Instead of the lowest, modulated sinusoidal tone in the channel number 1, a component of the original speech obtained via a low-pass filter 30 can optionally be added to the synthetic speech. The connection of the filter 30 ensues via a switch 30'. Thereby, it becomes possible to also transmit the original pitch.
The synthetic speech generated by the Vocoder 23 through 28 is offered to the hearing-impaired person at both ears via the headset 29.
Given persons with damaged hearing, for example with a pronounced loss of treble tones, a compensation can be achieved by the means of transformation of the spech frequency range into the residual hearing range. To that end, the frequencies fG of the set of generators 26 are set in such manner that the speech comprehension becomes optimum i.e., for example, given a loss of treble tones, higher-frequency components from 1 kHz through 8 kHz or, respectively, 2 kHz through 8 kHz are transmitted on the residual hearing range from 500 Hz through 1 kHz or, respectively, 1 kHz through 2 kHz. This produces a signal which, after a learning phase of approximately one hour, allows hearing-impaired persons to perceive speech information with high frequency components, for example the sounds s, ∫, x, with over 90% certainty. Without the Vocoder 23 through 28, the said sounds can only be guessed at.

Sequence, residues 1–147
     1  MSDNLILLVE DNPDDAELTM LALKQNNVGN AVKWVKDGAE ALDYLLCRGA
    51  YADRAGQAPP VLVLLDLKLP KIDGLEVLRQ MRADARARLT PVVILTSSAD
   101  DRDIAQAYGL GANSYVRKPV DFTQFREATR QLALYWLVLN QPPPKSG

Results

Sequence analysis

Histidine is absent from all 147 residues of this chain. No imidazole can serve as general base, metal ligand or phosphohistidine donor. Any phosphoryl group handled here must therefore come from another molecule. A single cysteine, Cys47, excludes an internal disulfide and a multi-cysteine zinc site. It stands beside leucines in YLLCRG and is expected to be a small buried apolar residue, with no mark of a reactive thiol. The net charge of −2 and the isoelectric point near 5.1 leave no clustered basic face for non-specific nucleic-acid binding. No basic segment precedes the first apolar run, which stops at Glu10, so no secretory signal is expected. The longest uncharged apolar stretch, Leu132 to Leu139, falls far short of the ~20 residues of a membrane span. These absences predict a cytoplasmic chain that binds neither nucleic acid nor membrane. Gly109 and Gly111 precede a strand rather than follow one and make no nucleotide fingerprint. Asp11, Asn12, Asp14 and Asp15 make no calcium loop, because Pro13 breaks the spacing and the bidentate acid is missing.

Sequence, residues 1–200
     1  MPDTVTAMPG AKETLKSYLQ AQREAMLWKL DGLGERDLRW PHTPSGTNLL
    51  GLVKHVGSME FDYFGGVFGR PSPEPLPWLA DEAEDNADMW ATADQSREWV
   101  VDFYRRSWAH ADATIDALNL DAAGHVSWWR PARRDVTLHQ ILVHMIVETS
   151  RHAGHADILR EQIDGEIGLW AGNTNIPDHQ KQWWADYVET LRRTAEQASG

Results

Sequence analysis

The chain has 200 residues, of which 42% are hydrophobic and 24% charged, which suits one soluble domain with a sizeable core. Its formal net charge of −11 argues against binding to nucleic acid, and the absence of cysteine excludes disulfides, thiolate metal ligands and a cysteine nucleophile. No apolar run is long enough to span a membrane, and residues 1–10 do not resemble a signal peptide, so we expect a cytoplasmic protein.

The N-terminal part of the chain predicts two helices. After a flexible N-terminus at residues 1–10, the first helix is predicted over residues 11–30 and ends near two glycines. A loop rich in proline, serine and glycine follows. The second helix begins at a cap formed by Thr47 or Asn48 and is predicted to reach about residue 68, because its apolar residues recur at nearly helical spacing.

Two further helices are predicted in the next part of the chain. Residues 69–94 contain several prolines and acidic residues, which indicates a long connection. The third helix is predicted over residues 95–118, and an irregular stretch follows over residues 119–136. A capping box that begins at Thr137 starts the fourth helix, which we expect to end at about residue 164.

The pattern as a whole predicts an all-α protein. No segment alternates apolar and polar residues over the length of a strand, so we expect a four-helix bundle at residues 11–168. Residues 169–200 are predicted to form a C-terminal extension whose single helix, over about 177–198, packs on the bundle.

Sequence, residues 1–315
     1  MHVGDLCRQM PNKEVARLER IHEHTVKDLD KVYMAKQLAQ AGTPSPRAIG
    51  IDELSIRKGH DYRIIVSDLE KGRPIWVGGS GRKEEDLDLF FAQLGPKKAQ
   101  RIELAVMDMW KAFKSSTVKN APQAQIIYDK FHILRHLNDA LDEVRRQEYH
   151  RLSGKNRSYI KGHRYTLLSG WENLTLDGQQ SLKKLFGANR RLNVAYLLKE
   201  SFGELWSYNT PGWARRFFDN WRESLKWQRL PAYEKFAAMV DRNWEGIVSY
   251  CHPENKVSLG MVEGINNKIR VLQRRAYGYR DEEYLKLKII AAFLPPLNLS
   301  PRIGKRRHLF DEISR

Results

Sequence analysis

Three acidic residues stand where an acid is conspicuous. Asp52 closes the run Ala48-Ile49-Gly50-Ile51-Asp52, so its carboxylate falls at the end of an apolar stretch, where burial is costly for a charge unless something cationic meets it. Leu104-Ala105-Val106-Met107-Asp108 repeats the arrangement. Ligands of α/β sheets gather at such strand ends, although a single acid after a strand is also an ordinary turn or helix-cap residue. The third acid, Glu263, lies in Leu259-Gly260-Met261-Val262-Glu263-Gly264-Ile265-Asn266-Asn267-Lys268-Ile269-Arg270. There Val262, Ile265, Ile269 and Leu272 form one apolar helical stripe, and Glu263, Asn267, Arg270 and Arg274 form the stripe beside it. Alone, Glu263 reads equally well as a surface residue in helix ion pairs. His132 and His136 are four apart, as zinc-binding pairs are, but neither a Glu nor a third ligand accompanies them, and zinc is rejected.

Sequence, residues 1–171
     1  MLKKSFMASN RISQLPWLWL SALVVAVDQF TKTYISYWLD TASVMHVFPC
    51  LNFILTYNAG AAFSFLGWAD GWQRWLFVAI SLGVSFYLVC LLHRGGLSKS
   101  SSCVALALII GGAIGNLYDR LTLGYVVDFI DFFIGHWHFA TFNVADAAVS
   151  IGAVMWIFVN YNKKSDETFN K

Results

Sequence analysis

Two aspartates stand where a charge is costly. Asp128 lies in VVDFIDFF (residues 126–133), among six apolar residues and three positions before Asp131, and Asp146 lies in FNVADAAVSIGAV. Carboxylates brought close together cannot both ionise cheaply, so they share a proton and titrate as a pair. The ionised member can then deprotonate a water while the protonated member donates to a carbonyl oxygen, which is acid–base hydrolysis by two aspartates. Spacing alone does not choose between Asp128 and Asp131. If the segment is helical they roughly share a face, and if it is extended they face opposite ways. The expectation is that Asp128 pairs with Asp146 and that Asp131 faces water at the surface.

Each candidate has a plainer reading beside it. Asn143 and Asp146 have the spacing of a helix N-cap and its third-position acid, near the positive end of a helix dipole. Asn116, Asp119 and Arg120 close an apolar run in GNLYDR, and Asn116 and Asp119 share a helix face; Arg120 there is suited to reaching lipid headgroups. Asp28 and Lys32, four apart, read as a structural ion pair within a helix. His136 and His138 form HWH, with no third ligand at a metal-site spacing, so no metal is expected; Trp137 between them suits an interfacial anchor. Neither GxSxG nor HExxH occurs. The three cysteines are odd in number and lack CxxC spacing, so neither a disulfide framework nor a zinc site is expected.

The volume ratio between the original speech from the microphone 21 and the microphone amplifier 22 and the Vocoder spectrum from 23 through 28 must be individually identified and set for each patient. Thereby, it has proven extremely helpful to employ two limiter amplifiers 31 and 32 which are looped into the respective signal paths. The signals from said two amplifiers 31 and 32 are then brought together in a summer 33 and are supplied to the headset 29 via a switch 31' when said switch 31' is moved from the position illustrated in FIG. 1 to the other contact (shown free in FIG. 1).